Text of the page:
Spencer Haldeman shoots over a defender.

Under normal circumstances, thousands of college students would have walked across “the stage” recently to get their diploma as a graduate of the University of Northern Iowa.

One of those graduates would have been Spencer Haldeman, a student-athlete from Western Dubuque High School.

Haldeman, a member of the men’s basketball team, ended up taking five years to complete his journey in Cedar Falls as he took advantage of a redshirt year to better prepare himself for the pace and physicality of playing basketball at the college level.

“It was an interesting conversation that I had with Coach (Ben Jacobson) about whether I was going to be redshirted or not. He made it sound like I was in the team’s plans, but it was a toss-up on if I would get playing time or not. Since I felt that I was a little scrawny, I decided to take that year to work on my game, to get stronger and get used to college life,” said Haldeman. “I realized rather quickly that I had work to do. I knew that before I got to campus. I always had considered that I was pretty strong in the work ethic category, but I had to learn how to do it at a different level. Luckily for me and the other freshmen, we had seniors like Matt Bohannon and Wes Washpun there to show us what it takes to make that next step.”

Even though Haldeman didn’t travel with the team during the regular season, he spent a lot of time around the team and was allowed to practice with them. That’s where he went to school on learning what it took to play at the highest level of college sports.

That season turned out to be an extremely special one for the Panthers as they won the Missouri Valley Conference Tournament on Washpun’s buzzer-beating jumper to defeat Evansville 56-54, earning an automatic bid into the NCAA Tournament. The Panthers entered March Madness winners of 12 of their last 13 games and continued their hot streak in their opening round match by clipping Texas 75-72 on Paul Jesperson’s heroic three-point bomb at the buzzer.

Trying to keep their dream alive in round two, the Panthers had Texas A & M on the ropes but couldn’t finish them off as it was the Aggies who survived to go on to the Sweet 16 after a 92-88 double-overtime win.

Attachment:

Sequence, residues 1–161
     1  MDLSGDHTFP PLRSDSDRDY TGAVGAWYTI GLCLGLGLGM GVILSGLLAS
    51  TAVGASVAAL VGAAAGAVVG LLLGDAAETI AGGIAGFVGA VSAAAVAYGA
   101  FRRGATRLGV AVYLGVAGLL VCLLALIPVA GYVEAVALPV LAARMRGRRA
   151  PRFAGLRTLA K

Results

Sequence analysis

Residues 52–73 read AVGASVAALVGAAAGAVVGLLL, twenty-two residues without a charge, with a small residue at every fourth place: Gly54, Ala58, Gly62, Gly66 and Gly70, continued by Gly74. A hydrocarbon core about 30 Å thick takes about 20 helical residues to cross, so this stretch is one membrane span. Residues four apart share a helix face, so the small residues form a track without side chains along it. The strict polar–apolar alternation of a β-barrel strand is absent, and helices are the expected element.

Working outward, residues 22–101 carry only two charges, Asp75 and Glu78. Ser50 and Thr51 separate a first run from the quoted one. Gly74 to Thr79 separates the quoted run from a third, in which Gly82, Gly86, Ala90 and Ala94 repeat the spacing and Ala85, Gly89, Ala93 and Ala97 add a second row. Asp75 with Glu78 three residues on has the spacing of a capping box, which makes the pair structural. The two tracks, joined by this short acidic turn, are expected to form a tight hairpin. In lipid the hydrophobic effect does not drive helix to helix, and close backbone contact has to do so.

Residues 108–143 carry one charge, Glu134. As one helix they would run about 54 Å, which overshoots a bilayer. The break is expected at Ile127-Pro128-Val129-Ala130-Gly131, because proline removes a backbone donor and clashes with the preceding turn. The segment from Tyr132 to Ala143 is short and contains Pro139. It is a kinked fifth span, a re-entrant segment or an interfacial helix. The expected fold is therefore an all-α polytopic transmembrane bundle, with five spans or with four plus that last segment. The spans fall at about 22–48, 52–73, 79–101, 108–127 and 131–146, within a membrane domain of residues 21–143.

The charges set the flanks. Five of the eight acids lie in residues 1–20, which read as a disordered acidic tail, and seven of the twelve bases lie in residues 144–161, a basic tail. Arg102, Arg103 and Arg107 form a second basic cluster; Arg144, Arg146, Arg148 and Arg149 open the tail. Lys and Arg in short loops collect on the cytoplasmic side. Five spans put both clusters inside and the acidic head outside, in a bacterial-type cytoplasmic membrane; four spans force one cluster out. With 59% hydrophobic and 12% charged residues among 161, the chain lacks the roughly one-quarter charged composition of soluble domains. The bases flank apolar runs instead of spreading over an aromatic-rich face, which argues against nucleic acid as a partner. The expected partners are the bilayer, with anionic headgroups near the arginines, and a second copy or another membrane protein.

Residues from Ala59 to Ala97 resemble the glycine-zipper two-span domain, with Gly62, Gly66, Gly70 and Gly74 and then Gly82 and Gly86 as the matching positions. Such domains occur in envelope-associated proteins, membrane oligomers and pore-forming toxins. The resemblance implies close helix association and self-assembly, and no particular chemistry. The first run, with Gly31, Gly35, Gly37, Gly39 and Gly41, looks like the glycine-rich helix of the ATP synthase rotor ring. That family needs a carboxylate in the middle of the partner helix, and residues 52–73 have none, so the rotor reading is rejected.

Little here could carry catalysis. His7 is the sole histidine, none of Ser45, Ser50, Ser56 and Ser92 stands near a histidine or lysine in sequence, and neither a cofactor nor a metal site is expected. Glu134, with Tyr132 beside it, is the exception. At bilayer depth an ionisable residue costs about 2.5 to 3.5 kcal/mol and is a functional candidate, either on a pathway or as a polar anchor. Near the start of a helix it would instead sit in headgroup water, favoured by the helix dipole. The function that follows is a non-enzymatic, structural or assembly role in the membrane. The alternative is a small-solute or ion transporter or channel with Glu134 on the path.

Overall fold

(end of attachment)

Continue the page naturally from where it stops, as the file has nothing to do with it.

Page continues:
Even though Haldeman wasn’t in uniform for that magical end of the season run, it’s the time that he looks back on as his best memories while at UNI. It’s also from that experience, being on the sidelines for all those special moments, that got him excited about getting on the court next year. He also believes that trip to the tournament sparked a shift in the culture of the UNI basketball program.

During the offseason, Haldeman continued to work hard so he’d be ready for camp and earn playing time. He did well enough to play in all 30 games that season and even started in eight of them.

“My goal was to be consistent,” said Haldeman. “I took pride in the fact that no matter if I was starting or coming off the bench, I wanted to play hard and play to the best of my abilities every game to give the coaches what they expected from me.”

During that redshirt freshman campaign, Haldeman knocked down 49 three-pointers on his way to totaling 228 points for the season, an average of 7.6 points per game. He was also named to the MVC All-Freshmen Team.

Haldeman continued to develop in his sophomore season as his role on the team became clearer. He played in 31 games that season with all of his minutes coming off the bench as he was the Panthers’ sixth man. He made a team-high 43 threes that year and scored 189 points, 6.1 ppg.

As a junior, Haldeman again came off the bench to play in all 34 games and scored 255 points, 7.5 ppg. He made 51 three-pointers on the year and scored a season-high 24 points in front of the